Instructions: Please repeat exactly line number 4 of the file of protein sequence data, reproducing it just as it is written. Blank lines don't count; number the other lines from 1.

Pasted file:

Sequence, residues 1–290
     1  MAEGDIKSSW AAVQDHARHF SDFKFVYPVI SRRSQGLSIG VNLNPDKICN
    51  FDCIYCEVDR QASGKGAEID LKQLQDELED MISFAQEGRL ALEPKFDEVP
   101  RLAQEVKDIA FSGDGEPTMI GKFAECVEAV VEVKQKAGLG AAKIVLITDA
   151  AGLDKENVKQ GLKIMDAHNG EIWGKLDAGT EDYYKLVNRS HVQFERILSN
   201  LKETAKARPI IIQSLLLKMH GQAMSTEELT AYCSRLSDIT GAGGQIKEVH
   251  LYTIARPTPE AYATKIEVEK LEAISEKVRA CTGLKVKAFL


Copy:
   101  RLAQEVKDIA FSGDGEPTMI GKFAECVEAV VEVKQKAGLG AAKIVLITDA